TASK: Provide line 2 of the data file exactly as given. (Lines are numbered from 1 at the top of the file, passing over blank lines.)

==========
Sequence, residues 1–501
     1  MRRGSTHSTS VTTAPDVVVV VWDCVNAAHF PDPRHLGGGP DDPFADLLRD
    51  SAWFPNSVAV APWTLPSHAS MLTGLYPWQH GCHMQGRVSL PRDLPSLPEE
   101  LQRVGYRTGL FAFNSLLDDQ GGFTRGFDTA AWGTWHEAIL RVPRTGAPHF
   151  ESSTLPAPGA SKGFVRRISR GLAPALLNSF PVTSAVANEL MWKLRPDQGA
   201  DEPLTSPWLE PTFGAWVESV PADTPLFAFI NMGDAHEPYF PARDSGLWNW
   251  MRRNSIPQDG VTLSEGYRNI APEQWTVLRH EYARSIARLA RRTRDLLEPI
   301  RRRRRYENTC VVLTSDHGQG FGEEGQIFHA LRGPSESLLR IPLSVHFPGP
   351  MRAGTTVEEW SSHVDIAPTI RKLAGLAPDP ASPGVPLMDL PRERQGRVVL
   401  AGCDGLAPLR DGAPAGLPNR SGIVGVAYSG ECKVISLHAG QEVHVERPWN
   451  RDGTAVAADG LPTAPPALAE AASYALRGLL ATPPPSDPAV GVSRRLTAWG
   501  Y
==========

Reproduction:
     1  MRRGSTHSTS VTTAPDVVVV VWDCVNAAHF PDPRHLGGGP DDPFADLLRD